With the death of Kim Jong-Il in December after nearly twenty years of iron fisted rule, the world looked on as his rotund and politically inexperienced son, Kim Jong-Un, ascended to power at the tender age of 27(ish) in a series of televised events. While many hope that this will open up an opportunity for reform in the country, others fear that it will set off a bout of political instability and the collapse of the country. In the event of total collapse, it is feared that the United States could inadvertently be drawn into military conflict with China as the former rushes in to secure nuclear weapons and the latter rushes in to stop a torrent of refugees. Sure, everything looks calm now in North Korea, but no one really knows what is going on under the veil of secrecy that shrouds the country.
The Bottom Line: With the strictest sanctions ever imposed on Iran squeezing the country's oil industry futher, it's not surprising that people worry about a looming confrontation with the West. While outright military confrontation is unlikely, even the threat of a major disruption in the oil supply could send oil prices soaring, sending the world economy and its nascent recovery back into recession.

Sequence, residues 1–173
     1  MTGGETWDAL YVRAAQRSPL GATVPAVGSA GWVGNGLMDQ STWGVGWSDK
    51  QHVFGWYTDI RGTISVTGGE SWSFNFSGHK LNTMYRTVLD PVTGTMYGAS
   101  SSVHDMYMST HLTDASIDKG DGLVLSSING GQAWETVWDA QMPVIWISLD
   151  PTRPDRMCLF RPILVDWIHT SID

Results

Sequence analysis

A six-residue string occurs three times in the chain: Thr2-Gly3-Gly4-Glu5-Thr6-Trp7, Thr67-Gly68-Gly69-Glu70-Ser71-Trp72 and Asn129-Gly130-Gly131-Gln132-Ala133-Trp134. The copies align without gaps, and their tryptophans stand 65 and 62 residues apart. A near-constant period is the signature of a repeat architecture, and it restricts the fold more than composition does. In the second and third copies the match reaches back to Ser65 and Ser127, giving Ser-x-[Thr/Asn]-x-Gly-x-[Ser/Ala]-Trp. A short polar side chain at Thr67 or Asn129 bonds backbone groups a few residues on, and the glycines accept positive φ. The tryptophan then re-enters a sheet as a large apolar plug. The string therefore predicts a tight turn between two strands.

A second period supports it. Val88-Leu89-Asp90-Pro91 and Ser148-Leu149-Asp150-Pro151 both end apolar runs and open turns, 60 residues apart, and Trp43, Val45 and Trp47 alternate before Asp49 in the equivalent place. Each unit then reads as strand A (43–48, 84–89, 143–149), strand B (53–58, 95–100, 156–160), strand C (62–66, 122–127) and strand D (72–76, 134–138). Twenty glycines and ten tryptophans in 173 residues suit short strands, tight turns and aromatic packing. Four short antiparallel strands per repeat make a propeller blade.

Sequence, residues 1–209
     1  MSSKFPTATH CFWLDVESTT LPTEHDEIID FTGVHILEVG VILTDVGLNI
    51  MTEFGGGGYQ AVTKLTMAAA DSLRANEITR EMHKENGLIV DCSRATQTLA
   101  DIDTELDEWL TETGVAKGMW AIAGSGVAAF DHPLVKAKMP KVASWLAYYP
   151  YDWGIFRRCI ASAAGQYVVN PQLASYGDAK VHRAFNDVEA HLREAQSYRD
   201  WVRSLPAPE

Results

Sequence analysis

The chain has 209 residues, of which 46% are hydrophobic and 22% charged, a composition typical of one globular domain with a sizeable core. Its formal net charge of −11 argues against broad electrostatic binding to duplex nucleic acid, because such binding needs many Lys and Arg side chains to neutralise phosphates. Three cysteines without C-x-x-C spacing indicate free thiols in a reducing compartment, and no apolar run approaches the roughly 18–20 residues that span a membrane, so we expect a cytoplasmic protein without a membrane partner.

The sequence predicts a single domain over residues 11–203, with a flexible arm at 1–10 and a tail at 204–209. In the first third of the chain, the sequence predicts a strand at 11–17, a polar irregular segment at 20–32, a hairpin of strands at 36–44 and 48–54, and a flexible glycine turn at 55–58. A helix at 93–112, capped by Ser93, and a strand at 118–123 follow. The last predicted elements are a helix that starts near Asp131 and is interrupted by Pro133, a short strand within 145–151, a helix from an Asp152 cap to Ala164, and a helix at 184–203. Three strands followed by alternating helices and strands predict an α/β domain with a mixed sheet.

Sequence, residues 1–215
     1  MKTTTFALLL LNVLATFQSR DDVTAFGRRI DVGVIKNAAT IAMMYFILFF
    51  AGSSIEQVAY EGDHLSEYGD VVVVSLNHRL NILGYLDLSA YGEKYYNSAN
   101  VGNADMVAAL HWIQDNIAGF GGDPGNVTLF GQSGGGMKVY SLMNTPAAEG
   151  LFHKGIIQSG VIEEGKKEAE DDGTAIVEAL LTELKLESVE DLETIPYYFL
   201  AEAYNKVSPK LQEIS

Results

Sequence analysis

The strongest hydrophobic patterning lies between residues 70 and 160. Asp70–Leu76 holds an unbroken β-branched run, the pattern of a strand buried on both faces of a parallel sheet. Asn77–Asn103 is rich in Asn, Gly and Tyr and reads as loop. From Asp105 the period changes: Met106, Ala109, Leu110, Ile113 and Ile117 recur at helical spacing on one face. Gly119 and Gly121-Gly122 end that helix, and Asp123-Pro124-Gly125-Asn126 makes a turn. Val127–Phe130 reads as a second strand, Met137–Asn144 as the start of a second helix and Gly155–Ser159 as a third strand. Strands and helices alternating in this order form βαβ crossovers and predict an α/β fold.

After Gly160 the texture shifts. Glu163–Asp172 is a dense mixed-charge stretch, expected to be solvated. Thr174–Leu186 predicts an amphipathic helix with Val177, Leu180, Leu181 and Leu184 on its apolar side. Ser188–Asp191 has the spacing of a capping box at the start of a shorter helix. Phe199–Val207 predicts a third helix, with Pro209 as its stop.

It looks like it's going to be another hot year in Iran. With 2012 barely a week old, we're already seeing a crisis brewing. The United States and Europe have recently decided on some of the toughest sanctions yet on Iran, targeting, in particular, their oil industry, a major source of national income. In addition the West is increasingly putting pressure on Asian importers of oil like Japan and Korea to reduce their reliance on Iranian oil. In short, Iran has a lot to lose from these sanctions, and they're obviously not too happy about them. In fact, they've threatened to block the Strait of Hormuz, a vital artery for the export of Middle Eastern oil. While most experts don't think that Iran would actually go through with their threat and risk a potential military confrontation with the West, world governments are already hatching plans to release emergency oil reserves just in case the flow of oil is disrupted in the coming months. Even without a major confrontation, the simple threat of instability in the Middle East could send oil prices soaring, resulting in fledgling economic recoveries all across the globe coming to a screeching halt.